jump to navigation

Schaffer on Machine Philosophy, Pt. 2: Atwood’s Machine and the Status of Newtonian Philosophy September 15, 2013

Posted by Will Thomas in Schaffer Oeuvre.
Tags: , , , , , , , , , , ,
1 comment so far

John Smeaton’s experiment to estimate the efficiency of waterwheels. Philosophical Transactions 51 (1759).

This post continues our examination of Simon Schaffer’s “Machine Philosophy: Demonstration Devices in Georgian Mechanics” (1994).  Last time, we looked at how Atwood’s Machine was used at Cambridge as a dramatic means of convincing mathematics students of the validity of Newton’s laws, which they were expected to use to explain various physical phenomena.  Here we examine how proponents of Isaac Newton’s mechanics tried to use the machine to make points with audiences whose perceptions of the reach and fundamentality of Newton’s laws were varied and unstable.

First, though, let’s revisit some of the themes of Schaffer’s earlier works to see how this piece fits into a larger picture.

(more…)

Schaffer on Machine Philosophy, Pt. 1: Atwood’s Machine and the Status of Newton’s Laws at Cambridge September 1, 2013

Posted by Will Thomas in Schaffer Oeuvre.
Tags: , , , , , , ,
1 comment so far

Atwood's machineThere’s not much time these days for researching and writing posts.  But I do have little bites of time on the bus and Metro going to and from work, which lend themselves pretty nicely to article reading.  I have also come back into possession of all the paper files I put into storage when I went to London, including a big stack of articles written by Simon Schaffer.  Yes, folks, the Schaffer Oeuvre series has returned!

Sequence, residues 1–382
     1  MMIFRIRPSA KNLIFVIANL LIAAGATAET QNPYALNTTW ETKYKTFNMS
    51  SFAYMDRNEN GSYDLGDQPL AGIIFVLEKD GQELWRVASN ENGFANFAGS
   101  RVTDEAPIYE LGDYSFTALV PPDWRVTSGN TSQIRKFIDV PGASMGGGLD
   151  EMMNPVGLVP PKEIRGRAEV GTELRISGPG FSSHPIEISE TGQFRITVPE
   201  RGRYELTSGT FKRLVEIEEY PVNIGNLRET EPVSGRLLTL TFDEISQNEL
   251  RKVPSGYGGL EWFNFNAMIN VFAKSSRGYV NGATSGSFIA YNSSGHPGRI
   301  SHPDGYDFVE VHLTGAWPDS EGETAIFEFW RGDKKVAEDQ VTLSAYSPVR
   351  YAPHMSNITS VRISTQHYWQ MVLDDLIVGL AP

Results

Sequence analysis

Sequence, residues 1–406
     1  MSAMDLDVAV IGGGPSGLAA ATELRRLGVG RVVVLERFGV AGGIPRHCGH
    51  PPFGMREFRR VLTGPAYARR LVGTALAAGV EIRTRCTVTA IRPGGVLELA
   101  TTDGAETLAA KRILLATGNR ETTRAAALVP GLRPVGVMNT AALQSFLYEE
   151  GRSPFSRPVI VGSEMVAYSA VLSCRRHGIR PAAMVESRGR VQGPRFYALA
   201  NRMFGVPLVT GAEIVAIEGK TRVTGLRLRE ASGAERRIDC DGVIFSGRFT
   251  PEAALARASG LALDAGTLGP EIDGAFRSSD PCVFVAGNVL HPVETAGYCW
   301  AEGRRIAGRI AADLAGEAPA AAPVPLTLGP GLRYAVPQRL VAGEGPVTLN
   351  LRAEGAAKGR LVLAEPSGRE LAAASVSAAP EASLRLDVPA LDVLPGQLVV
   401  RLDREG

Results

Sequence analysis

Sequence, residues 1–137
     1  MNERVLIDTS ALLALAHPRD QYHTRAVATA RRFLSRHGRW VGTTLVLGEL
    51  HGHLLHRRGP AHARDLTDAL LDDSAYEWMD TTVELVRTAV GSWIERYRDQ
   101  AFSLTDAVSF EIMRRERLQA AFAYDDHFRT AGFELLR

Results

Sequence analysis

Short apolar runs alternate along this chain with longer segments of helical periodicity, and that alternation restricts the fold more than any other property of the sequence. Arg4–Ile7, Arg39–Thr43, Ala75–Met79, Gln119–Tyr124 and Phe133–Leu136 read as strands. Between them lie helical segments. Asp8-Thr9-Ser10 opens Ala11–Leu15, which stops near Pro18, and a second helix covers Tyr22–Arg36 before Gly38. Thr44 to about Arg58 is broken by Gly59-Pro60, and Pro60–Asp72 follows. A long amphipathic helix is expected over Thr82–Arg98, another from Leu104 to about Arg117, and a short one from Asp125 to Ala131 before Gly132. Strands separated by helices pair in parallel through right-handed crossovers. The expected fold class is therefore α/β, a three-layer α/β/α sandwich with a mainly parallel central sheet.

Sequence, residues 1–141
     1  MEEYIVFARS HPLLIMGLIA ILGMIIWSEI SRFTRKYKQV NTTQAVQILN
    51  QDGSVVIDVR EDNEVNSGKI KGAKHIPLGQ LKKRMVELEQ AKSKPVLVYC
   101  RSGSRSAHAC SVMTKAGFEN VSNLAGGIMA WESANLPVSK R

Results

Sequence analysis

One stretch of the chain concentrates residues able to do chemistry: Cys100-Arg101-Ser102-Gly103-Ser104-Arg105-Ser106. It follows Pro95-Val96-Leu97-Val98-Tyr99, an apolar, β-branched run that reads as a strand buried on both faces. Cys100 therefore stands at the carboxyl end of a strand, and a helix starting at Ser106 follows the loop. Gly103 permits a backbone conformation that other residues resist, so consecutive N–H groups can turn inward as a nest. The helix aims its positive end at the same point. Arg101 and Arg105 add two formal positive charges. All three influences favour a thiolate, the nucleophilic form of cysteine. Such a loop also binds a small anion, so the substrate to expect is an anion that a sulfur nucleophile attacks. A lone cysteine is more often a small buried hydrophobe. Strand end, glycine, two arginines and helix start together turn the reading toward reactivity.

I was specifically inspired to bring the series back by Schaffer’s recent, very nicely crafted BBC documentary, “Mechanical Marvels: Clockwork Dreams,” (see a clip here), and by the realization that, when I left the series, I was just about to get to his articles on demonstration devices and automata.  So, with no further ado, let’s dive right back in with “Machine Philosophy: Demonstration Devices in Georgian Mechanics,” Osiris 9 (1994): 157-182.*

“Machine Philosophy” is about the uses made of mathematician George Atwood’s (1745-1807) demonstration device (right) . The machine’s design employed a clock and counter-balanced weights hung from a low-friction pulley in order to clearly exhibit Newton’s first law of motion, and especially the quantitative predictions made by his second law, which interrelated force, mass, and acceleration.  But the really difficult questions concerned what Atwood’s machine, and related machines, could and could not say concerning the intellectual status of Newton’s laws.

(more…)